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Eye Doctor

Why do we have eyes? What do we do with them? Why should we take care of our eyes?

  • Directions

    1. Prior to opening this lesson, ask parents to donate old glasses frames with lenses removed. Students can use these as props as they learn more about their vision.
    2. As part of a study of their senses, have students engage with books that focus on vision.
    3. Ask students what they do with their eyes. Post responses on a classroom white board using Crayola® Dry Erase Markers.
    4. Pose the question to students, "How do we take care of our eyes? Post responses.
    5. Invite a local optician to visit with the class and talk about his profession. Ask the doctor to bring in props for children to interact with and learn about their purposes in studying vision. Discuss what the doctor's office looks like.
    6. After the optician's visit, students discuss what they have learned. Ask them what they would expect to see as they entered an eye doctor's office.
    7. Invite students to create their interpretation of an eye doctor's office, including creating a sign, what furniture they would need, magazines in the waiting room, telephones, eye charts, patients waiting to see the doctor, an eye doctor, etc. Use poster board, construction paper and Crayola Washable Markers to create pieces of the office. Use Crayola Glitter Glue to make signs sparkle.
    8. Students create a chart for the receptionist to use when keeping track of the doctor's appointments.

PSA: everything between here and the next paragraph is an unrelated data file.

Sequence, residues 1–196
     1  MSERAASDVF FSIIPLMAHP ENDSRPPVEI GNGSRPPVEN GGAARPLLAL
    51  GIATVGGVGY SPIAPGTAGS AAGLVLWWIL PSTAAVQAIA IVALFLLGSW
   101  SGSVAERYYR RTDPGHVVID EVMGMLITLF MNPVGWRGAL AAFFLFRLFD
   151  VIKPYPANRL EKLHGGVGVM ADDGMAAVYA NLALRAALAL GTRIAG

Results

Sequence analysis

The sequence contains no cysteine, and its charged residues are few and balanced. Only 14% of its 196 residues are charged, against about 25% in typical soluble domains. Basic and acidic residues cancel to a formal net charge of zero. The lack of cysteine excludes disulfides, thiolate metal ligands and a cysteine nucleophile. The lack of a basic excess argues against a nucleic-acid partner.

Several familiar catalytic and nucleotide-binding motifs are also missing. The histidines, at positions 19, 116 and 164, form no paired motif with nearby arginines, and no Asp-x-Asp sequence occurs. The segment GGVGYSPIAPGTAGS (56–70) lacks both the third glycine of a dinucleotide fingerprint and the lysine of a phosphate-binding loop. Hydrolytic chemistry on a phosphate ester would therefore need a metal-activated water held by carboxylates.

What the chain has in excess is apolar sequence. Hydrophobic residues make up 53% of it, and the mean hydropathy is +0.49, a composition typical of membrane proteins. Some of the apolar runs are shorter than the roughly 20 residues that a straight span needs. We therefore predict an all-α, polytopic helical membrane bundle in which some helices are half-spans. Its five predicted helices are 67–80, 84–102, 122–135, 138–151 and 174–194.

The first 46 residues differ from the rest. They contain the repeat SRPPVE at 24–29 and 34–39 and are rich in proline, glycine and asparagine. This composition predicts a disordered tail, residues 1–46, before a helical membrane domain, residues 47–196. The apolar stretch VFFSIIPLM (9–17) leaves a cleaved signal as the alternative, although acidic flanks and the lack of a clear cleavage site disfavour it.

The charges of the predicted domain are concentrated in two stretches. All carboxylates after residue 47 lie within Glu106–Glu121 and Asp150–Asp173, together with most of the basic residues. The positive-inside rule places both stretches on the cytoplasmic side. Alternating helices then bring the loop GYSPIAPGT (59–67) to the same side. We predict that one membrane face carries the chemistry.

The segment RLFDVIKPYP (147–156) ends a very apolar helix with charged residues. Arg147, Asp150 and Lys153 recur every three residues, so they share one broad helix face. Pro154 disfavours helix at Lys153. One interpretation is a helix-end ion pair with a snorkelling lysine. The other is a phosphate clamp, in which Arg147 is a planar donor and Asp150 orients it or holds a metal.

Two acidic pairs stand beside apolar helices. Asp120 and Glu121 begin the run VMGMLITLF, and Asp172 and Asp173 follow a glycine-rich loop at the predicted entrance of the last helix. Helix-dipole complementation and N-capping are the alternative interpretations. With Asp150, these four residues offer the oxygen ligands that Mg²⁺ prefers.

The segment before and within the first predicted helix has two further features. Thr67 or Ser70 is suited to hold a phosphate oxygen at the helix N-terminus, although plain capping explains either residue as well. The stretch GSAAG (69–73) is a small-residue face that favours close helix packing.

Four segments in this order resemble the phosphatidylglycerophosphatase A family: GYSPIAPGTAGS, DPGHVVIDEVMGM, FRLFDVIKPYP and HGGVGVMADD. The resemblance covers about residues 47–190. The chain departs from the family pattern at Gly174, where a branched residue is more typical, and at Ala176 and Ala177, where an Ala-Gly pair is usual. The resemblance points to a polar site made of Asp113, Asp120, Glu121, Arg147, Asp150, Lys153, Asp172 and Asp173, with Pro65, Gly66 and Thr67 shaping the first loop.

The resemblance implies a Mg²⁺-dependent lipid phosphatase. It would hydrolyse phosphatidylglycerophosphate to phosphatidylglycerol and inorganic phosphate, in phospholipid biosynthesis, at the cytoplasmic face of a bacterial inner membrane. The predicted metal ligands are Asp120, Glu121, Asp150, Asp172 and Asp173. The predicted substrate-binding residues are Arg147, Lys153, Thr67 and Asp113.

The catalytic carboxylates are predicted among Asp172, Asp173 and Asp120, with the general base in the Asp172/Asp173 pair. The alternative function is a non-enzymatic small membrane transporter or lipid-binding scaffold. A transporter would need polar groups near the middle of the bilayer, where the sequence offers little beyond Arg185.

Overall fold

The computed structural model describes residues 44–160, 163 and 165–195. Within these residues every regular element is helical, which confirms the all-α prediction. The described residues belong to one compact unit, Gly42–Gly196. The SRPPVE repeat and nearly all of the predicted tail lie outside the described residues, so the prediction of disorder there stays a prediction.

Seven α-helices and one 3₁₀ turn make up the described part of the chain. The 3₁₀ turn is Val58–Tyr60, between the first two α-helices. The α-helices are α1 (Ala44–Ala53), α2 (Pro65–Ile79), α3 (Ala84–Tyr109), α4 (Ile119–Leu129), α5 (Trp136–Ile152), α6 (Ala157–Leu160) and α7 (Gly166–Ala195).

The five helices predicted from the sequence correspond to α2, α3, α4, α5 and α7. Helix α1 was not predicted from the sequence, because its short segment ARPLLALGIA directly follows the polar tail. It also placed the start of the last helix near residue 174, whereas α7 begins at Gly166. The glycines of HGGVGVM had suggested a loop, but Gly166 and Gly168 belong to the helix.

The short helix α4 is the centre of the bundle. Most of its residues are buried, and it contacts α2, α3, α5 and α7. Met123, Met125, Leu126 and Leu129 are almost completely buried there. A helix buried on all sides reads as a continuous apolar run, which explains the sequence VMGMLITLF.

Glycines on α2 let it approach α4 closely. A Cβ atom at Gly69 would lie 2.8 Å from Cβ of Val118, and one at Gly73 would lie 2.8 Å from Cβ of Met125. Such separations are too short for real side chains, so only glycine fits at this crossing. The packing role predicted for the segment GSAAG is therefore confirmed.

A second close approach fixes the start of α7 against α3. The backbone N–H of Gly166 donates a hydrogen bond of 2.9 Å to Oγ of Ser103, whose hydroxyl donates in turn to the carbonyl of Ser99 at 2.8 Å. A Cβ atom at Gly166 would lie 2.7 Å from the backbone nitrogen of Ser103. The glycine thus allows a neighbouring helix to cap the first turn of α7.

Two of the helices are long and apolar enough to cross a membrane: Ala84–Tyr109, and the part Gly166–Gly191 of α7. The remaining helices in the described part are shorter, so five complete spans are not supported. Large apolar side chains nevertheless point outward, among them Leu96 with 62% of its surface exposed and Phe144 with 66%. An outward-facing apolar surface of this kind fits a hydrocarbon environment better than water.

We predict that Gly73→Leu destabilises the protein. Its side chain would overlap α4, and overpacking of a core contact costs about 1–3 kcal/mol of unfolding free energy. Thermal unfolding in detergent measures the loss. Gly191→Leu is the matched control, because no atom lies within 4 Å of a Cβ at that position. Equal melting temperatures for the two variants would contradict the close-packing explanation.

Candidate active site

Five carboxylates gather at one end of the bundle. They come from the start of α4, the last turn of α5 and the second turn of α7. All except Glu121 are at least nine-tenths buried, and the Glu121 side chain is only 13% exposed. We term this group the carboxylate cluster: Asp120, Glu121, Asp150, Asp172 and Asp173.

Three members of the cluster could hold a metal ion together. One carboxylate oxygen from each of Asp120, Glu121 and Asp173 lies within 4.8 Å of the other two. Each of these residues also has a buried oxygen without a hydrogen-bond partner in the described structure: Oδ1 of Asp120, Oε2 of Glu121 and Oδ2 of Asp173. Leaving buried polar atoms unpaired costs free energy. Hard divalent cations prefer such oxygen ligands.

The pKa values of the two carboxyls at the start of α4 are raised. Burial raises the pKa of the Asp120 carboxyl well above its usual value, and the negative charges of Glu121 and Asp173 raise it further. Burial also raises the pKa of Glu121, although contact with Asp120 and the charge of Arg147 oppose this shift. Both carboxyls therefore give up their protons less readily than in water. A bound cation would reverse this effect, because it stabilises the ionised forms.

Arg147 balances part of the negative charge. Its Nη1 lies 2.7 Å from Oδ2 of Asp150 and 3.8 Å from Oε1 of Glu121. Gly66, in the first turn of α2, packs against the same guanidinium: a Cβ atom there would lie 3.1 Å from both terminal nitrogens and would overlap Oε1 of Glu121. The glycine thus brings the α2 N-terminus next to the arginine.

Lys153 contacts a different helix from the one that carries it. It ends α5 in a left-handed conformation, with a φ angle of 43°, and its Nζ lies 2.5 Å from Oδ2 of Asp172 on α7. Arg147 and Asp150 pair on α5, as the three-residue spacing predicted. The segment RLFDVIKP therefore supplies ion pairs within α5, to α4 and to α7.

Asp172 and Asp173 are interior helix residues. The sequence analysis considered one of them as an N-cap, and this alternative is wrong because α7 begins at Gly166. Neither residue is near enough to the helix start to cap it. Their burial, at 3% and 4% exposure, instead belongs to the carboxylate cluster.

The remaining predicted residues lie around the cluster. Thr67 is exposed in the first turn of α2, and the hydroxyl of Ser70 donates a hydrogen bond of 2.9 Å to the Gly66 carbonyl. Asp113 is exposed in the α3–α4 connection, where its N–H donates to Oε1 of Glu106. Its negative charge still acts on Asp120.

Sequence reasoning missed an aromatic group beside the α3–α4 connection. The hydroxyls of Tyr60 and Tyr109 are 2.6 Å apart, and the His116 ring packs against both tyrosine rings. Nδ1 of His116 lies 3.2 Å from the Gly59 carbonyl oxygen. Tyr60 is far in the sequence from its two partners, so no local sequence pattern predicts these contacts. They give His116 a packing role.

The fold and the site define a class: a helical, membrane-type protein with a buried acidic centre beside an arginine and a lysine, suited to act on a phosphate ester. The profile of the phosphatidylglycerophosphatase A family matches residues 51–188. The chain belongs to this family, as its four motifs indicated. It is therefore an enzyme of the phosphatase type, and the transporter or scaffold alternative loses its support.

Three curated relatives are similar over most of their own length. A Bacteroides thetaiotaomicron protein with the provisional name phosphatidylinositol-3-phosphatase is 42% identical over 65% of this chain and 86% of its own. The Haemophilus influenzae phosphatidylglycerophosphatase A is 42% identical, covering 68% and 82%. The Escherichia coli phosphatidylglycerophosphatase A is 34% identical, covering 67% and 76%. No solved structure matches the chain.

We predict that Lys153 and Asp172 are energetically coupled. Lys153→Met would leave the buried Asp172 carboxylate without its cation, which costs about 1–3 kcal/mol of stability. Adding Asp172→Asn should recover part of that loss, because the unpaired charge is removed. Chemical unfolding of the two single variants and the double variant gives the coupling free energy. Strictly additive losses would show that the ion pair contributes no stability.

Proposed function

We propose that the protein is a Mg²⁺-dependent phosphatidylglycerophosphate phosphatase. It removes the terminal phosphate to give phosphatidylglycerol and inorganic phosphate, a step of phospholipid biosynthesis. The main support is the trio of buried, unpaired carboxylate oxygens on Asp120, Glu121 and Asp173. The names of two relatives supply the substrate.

9. Assign students roles to play as they "open" their eye doctor's office. If possible video-tape their play for future viewing. Students wear their eye glass props while they visit the doctor's office!
  • Standards

    LA: Engage effectively in a range of collaborative discussions with diverse partners on grade level topics, texts, and issues, building on others' ideas and expressing one's own clearly.

    LA: Participate in shared research and writing projects.

    LA: With guidance and support from adults, recall information from experiences or gather information from provided sources to answer a question.

    SCI: Use observations to describe patterns of what plants and animals (including humans) need to survive.

    SCI: Construct an argument supported by evidence for how plants and animals (including humans) can change the environment to meet their needs.

    VA: Use visual structures of art to communicate ideas.

  • Adaptations

    Possible classroom resources include: The Eye Book (Bright & Early Books(R)) by Theo LeSieg; Close Your Eyes by Kate Banks; The Patch by Justina Chen Headley

    Invite students to explore other senses. Compare Note similarities and differences between the sense now under study and the sense of vision.

    Extend student knowledge of vision beyond human vision. Have students select an animal that they are familiar with and investigate that organism's vision. Find similarities and differences between human vision and the vision of that animal. For example, cats and cows have a reflective film located on the rear of their eye balls that allow them to see well in the dark. Humans do not have this ability.


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  • Creativity.
  • Capacity.
  • Collaboration.
  • Change.
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